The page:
(p. 83)

Her argument points to the necessity of these hawaldars in the country, where formal infrastructure such as banking, etc. does not exist.

Thomas points to the existence of such networks in Iraq and other parts of the world, where these informal networks have played a crucial role in delivering life-saving resources to people, on time.

In Indonesia, for example, hawala transactions helped in connecting people to resources as well as helping people reconnect with their family networks. She writes,

In early 2005 after the tsunami wave hit Aceh, for example, money dealers reportedly established an emergency communications system using the flexsi local mobile phone network to help migrants locate their families and arrange for the delivery of funds either to functioning bank accounts or directly to the IDP camps themselves.

(p. 85)

Thompson goes on to say that the invisible nature of these transactions is what makes them suspicious and in a post-9/11 world, these transactions have been increasingly seen as being linked to terrorist financing. She does acknowledge that this is a problem that faces hawala transactions, as if implying that all transactions are illegal or illicit.

The debate is, as it were, between the Western notions of an ‘established order’ or formal institutions that conduct transactions, or those that are ‘indigenous’ and homegrown, that cater to the local needs and are by nature informal and unregulated.

As other scholars such as Medani (2002) have pointed out, the word hawala entered the Western lexicon and imagination with the war on

Photo 6.3 A return migrant from the U.S. (who owns a weaving business)

terror and the blame game that started, in terms of who should be held responsible for the attacks. Thompson writes that the financing of the attacks was also of particular interest to those investigating these attacks (Thompson, 2008). De Goede (2003) points out how the ‘hawala discourse’ became criminalized in the aftermath of the terrorist attacks of September 11.

Remittances as a Social Obligation and Responsibility—Among Sending Countries

While the relations between the migrant sending and receiving countries are cordial, at least in the Gulf, there is a growing realization that the politicians and policy makers in these countries want to maintain cordiality. There is a shared sense of destiny and culture among the countries involved and this also creates a sense of obligation, to make sure that this long history of cordiality and diplomacy is not disturbed.

Your blood and sweat has built this country. I am so happy to see that you have played your part with dignity, togetherness and tolerance. Before coming to this meeting, I met his Highness the leader of Dubai. Somebody who has spent more than 50 years, given his whole life and vision for Dubai,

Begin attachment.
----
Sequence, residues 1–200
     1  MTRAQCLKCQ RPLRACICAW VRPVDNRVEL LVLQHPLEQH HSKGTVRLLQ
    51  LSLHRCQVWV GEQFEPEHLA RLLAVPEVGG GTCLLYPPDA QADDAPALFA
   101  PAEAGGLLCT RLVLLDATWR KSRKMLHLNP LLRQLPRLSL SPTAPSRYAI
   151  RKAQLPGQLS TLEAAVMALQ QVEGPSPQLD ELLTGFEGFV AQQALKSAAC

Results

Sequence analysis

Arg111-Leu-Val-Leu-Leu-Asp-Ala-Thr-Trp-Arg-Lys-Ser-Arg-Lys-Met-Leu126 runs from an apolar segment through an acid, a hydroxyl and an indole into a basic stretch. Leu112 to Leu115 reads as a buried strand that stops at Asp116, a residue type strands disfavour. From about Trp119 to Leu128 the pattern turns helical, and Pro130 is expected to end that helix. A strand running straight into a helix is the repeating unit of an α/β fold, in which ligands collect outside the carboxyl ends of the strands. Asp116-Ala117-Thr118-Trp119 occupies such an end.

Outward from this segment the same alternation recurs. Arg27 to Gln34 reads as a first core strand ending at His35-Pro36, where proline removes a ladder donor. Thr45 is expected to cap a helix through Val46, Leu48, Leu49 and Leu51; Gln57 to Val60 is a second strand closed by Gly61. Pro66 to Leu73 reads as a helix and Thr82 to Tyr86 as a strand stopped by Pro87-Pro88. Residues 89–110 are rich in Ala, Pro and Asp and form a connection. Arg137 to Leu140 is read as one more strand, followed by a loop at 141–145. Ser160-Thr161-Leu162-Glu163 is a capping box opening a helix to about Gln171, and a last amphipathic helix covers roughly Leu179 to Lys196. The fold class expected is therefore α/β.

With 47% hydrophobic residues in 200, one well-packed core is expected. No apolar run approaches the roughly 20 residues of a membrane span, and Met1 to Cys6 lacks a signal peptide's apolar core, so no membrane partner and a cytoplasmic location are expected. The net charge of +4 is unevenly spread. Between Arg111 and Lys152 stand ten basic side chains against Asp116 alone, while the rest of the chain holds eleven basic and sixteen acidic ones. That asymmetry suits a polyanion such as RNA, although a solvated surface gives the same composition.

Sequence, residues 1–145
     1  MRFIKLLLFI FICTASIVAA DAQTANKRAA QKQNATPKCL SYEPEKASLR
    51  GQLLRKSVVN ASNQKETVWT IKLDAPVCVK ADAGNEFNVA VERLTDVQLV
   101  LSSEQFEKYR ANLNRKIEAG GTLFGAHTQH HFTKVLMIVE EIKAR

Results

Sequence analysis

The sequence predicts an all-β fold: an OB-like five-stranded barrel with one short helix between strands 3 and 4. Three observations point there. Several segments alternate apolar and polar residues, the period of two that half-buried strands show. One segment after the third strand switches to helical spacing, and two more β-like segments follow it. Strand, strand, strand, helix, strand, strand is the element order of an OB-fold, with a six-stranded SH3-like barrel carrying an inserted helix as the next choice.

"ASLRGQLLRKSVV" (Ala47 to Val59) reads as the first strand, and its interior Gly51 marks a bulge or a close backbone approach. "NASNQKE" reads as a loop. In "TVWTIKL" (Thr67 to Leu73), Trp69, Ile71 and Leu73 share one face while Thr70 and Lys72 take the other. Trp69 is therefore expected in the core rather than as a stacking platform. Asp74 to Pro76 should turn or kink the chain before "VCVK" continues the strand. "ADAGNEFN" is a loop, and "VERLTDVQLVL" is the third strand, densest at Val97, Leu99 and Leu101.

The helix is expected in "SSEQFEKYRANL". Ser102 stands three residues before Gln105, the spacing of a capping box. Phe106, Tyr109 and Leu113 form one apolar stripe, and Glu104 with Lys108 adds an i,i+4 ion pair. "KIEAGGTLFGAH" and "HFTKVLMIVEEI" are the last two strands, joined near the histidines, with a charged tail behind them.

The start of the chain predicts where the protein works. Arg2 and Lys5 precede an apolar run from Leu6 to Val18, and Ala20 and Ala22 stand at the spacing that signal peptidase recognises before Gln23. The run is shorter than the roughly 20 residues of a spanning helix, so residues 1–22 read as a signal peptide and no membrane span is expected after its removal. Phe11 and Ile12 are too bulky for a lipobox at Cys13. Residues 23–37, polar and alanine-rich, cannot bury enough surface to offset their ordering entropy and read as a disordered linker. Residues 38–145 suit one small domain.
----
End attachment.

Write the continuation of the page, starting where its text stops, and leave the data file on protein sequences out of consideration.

Rahul Gandhi, the President of Indian National Congress (INC), said to a group of NRIs in Dubai in January 2019 (Rahul Gandhi, 2019). Gandhi pointed out that 2019 is the ‘Year of tolerance’ in UAE. He used the moment to remind Indians present of the growing intolerance in India with the current right-wing government and its policies to alienate minority communities.

Gandhi pointed out that the work of Indian migrants is part of a long chain of migration. The migration across both countries—both ways— has been possible due to tolerance.

I want you to know that you are India’s biggest strength, not only here in Dubai; but I am speaking to every single Indian, whether in Canada, US, Europe, Africa, Middle East, I am speaking to all of you and I want to tell you that you have a played a big role in making India what it is today. I want to say clearly, that without your help, without the help of NRIs, it would be impossible for India to be where it is today.

Invoking Mahatma Gandhi, Rahul Gandhi pointed out that the fight for independence was carried out by an NRI. Gandhi talked about the importance of including the voice of the NRIs in defining the manifesto of the INC.

Photo 6.4 A return migrant from the U.S. in Oaxaca

GLEM also points to the diplomatic tensions inherent in any attempts to impose taxes on remittances. The authors write that these taxes have the potential to create diplomatic divisions in the sending countries. They say, “In Oman, for example, the government rejected the proposed tax because imposing fees will pose a problem for its existing international agreements with labor exporting countries” (p. 7). They go on to say that this form of taxation could also change the dynamics of labor and how migrant laborers may decide to move, depending on the tax environment in a particular country. This could impact the competitiveness of the labor market for the GCC and in the long term have other negative externalities, for which these countries are not prepared.

Remittances as ‘Resilience’ Builders

Some scholars have argued that remittances can, in many cases, reduce corruption. Tyburski (2012) argues that remittances mitigate corruption by increasing government accountability and providing other incentives to reform. Using data from Mexico in 2001-2007, this study shows that corruption trended downward in states receiving larger remittance sums, after controlling for political competition, divided government, and market openness. The results are robust to instrumental variable analysis testing for potential endogeneity between corruption and migration. These findings bring attention to remittances as an exogenous resource for reform-minded groups and suggest that they may operate as the converse of the resource curse.